"Basically they're alleging that the customers that spoke out were somehow zombies of my organization,” said Kerwin Olson, executive director at the Citizens Action Coalition. “That's problematic and troubling for us, because the people that spoke out are concerned customers who have concern with their own financial situation or neighbors or clients. "
Olson said their goal has been to educate the public.
“We believe we’ve done a fair job and the information we provided the public is credible,” said Olson. “We’re just trying to assist the public in making sure their voices are heard in this public process.”
Olson said he has never seen a utility research customers who spoke out at a field hearing.
“That’s really alarming,” said Olson. “We feel like IPL crossed a line here. We found it creepy to say the least.”
Call 6 Investigates reached out to IPL public relations manager Claire Dalton, who emphasized that IPL presented the information without individual customer information such as names or addresses.
“IPL takes great pride in serving our customers, which includes listening to their input and concerns. The purpose of this testimony was to better understand the perspective of the submitted public comments,” said Dalton in an email to RTV6. “ In this testimony, IPL presented a hypothetical analysis utilizing anonymous data to better understand how its proposed rate plan would affect concerned customers. We consider comments and total bill impacts for all of our customers.”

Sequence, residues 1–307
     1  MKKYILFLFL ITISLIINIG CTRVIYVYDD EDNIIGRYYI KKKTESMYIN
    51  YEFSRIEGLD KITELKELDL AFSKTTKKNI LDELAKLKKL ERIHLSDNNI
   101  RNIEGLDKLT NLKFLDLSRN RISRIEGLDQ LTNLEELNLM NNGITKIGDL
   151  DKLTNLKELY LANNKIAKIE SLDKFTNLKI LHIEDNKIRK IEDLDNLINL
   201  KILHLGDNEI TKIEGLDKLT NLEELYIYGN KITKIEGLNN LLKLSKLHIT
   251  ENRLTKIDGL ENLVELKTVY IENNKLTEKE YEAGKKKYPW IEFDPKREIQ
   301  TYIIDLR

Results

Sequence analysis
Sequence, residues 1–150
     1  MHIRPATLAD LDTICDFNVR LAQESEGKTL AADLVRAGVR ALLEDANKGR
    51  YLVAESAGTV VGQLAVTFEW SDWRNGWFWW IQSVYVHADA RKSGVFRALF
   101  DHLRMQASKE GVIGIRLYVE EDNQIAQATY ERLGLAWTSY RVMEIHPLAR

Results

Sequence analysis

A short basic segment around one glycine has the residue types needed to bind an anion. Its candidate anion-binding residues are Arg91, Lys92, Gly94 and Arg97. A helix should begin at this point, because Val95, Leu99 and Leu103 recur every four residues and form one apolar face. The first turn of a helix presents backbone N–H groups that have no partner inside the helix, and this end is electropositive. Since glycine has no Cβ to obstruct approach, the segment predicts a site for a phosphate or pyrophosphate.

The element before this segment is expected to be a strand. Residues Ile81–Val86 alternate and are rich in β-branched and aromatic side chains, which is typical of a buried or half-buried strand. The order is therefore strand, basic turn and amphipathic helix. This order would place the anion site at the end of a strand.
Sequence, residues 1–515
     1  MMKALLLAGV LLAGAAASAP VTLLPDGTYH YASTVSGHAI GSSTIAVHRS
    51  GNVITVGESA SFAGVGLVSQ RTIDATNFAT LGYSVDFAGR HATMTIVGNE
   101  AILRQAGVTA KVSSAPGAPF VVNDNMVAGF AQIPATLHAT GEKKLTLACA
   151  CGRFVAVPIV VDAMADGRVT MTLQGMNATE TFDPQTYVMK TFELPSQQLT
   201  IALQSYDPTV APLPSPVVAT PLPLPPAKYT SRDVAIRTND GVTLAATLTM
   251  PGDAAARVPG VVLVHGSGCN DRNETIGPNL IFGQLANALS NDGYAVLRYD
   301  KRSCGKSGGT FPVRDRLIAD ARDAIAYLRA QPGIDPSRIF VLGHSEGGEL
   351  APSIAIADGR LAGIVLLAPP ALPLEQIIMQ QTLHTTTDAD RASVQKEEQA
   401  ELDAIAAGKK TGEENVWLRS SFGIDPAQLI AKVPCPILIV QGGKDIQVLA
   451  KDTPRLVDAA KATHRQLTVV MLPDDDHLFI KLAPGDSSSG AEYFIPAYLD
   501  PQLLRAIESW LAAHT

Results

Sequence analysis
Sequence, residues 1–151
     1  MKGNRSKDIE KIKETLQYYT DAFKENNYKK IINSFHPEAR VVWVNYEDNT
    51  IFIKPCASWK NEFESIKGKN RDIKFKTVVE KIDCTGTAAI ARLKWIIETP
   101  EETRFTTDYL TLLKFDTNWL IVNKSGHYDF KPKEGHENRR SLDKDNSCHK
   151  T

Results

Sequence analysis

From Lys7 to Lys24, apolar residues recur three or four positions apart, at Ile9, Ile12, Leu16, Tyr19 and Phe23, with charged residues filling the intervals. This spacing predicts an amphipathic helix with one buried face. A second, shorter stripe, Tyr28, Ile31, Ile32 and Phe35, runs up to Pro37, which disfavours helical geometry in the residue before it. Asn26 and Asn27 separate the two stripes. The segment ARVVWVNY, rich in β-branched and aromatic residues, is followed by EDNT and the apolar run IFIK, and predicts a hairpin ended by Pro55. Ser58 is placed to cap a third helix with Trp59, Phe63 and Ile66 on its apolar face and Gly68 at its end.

Customers and advocates are concerned IPL’s research will have a chilling effect on ratepayers wanting to speak out in the future.
“They should have the right to free speech in an open forum without fear of retribution or fear of intimidation,” said Olson.
Amy Harwell said it will not stop her from sharing her opinion.
“I think it’s time for someone to scream, and heck if I can’t scream loud enough, I will find a way,” said Harwell.
IPL initially requested a $124.5 million increase adjusted its request to $96.7 million in February 2018, due to changes under the federal Tax Cuts and Jobs Act.
Last month, IPL adjusted its request to $88.3 million.
A settlement agreement is in the works, but it won’t address all of the issues including the fixed charge.
A hearing is scheduled for July 26 and could last up to four days, records show.
Click here to see how your bill would be impacted by the proposed rate increase.
MORE TOP STORIES | 2-year-old drowns in pool during Fourth of July gathering | Indy church locks up Mary, Joseph & Baby Jesus to condemn immigration policy | Large sinkhole opens up in downtown Indy | Ella Whistler & Jason Seaman make first public appearance together | IMPD arrests first suspected pimp in 7 months | These Indiana laws went into effect July 1st | Indianapolis man seriously hurt in motorized scooter crash | Indy students nearly stranded in China, and it's not the first time | Multiple cars hit during I-465 shootout
Top Trending Videos